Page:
Part 4 -Ecological Succession – Causes and Its Elements

Ecological Succession

Definition :

Ecological succession is the process of change in the species structure of an ecological community over time.

is the gradual process by which ecosystems change and develop over time.

Causes of ecological succession :

Initiating Cause : The main causes of ecological succession include the biotic and climatic factors that can destroy the populations of an area. Wind, fire, soil erosion and natural disasters include the climatic factors.

Continuing causes – This is also called as ecesis. These processes are continuous such as aggregation, competition, migration etc. This results in a series of changes in the soil structure of the area. Common changes include change of soil nutrients, accumulation of organic matter in litter or humic layer, change in soil pH etc.

Stabilizing causes -These include the climatic factors resulting in the stabilization of community.

There are five main elements to ecological succession.

  1. primary succession
  2. secondary succession
  3. pioneer species
  4. climax communities
  5. sub-climax communities.

Primary Succession :

  • Primary Succession is defined as the type of ecological succession, which occurs or start from the barren, uninhabited and unoccupied areas, such as the newly formed pond, rock, dunes, etc.
  • It  occurs in the lifeless or barren area.
  • Time taken for the completion of the process in Primary Succession is more than 1000 years
  • There is the absence of soil and humus at the starting of the process, and the condition is not suitable for sustaining life.
  • Intermediary seral and pioneer community are present in numbers in Primary Succession .
  • In the beginning, the environment is unfavorable for the growth in Primary Succession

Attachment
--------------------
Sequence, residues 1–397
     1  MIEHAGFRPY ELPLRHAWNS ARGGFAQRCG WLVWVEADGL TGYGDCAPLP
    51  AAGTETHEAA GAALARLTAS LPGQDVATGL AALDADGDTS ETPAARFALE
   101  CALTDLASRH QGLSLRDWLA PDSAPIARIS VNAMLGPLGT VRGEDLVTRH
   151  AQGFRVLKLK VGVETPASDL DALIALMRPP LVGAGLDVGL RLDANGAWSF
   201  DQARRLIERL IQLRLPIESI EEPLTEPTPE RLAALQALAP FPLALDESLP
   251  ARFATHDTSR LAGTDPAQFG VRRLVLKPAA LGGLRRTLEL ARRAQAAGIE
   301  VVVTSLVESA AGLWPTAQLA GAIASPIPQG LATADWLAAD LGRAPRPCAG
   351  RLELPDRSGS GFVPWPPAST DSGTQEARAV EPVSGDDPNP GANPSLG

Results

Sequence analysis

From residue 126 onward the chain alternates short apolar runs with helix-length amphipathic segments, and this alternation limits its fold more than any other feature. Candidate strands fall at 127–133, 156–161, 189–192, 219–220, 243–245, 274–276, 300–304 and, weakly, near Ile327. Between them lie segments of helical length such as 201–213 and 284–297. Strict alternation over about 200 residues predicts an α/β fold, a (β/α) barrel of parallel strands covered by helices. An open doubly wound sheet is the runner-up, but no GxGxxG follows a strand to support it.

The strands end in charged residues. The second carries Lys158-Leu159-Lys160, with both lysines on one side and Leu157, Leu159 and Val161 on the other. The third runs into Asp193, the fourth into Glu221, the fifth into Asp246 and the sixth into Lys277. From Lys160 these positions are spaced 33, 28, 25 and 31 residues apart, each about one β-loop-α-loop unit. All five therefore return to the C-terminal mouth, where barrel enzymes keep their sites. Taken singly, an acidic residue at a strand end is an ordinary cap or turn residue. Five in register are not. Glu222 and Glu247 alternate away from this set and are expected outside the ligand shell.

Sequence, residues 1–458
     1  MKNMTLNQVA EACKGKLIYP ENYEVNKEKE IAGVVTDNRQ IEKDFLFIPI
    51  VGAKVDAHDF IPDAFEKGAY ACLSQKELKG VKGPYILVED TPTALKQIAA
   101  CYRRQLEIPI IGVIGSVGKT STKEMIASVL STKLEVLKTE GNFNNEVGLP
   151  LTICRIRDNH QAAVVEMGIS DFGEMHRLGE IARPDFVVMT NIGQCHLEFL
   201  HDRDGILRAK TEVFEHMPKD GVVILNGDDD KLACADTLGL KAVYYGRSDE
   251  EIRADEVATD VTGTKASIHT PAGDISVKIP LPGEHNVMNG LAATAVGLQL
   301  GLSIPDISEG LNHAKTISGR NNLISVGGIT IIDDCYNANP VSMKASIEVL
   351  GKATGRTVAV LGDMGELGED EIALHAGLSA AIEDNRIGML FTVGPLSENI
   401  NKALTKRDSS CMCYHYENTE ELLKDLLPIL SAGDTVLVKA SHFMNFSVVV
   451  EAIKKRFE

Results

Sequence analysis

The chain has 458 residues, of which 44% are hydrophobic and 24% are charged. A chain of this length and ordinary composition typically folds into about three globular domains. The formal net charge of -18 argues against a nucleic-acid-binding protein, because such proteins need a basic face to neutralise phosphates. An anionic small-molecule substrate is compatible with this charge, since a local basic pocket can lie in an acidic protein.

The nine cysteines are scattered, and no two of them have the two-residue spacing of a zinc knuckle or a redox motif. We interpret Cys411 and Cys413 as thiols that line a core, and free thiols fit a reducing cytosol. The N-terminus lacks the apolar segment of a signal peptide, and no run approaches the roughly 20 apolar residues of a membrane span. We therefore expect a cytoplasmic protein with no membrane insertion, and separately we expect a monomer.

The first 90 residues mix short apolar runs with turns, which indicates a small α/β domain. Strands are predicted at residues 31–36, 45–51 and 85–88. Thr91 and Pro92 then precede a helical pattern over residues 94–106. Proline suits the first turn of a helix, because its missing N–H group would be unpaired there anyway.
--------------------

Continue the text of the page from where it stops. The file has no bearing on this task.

Fig : Starting of Primary succession in a Mountain region

Seral community :

  • A seral community (or sere) is an intermediate stage found in ecological succession in an ecosystem advancing towards its climax community. In many cases more than one seral stage evolves until climax conditions are attained.

Secondary succession :

  • It  occurs in the area where there was the existence of life previously but got abandoned due to natural disturbances like deforestation, natural calamities (flood, earthquake, tsunami), the field with no vegetation .
  • Occurs in an area, which has been recently got deprive of life and was previously inhabited.
  • Takes place around 200 for its completion.
  • In Secondary Succession soil and humus are present, along with some organisms.
  • The presence of intermediary seral community few in numbers and pioneer community gets develops from the migrants and the previous occupants.
  • In Secondary Succession, the environment is favorable, since the beginning of development.

Fig : Secondary Succession in a Forest Region 

Pioneer Species

Species that arrive first in a newly created environment (such as an island rising out of the sea) are called pioneer species, and they, through their interactions with one another, build a rather simple initial biological community.

Fig : Pioneer Species in a sea shore 

Sub climax community

  • A stage or community in an ecological succession immediately preceding a climax ie one held in relative stability throughout by edaphic or biotic influences or by fire.
  • the development of an ecological community to a stage short of the expected climax because of some factor, as repeated fires in a forest, that arrests the normal succession.

Climax stage of succession

Fig : Climax Stage 

  • An ecological community in which populations of plants or animals remain stable and exist in balance with each other and their environment.
  • A climax community is the final stage of succession, remaining relatively unchanged until destroyed by an event such as fire or human interference.
  • A climax community is one that has reached the stable stage.
  • When extensive and well defined, the climax community is called a biome.
  • Examples are tundra , grassland, desert , and the deciduous, coniferous, and tropical rain forests .





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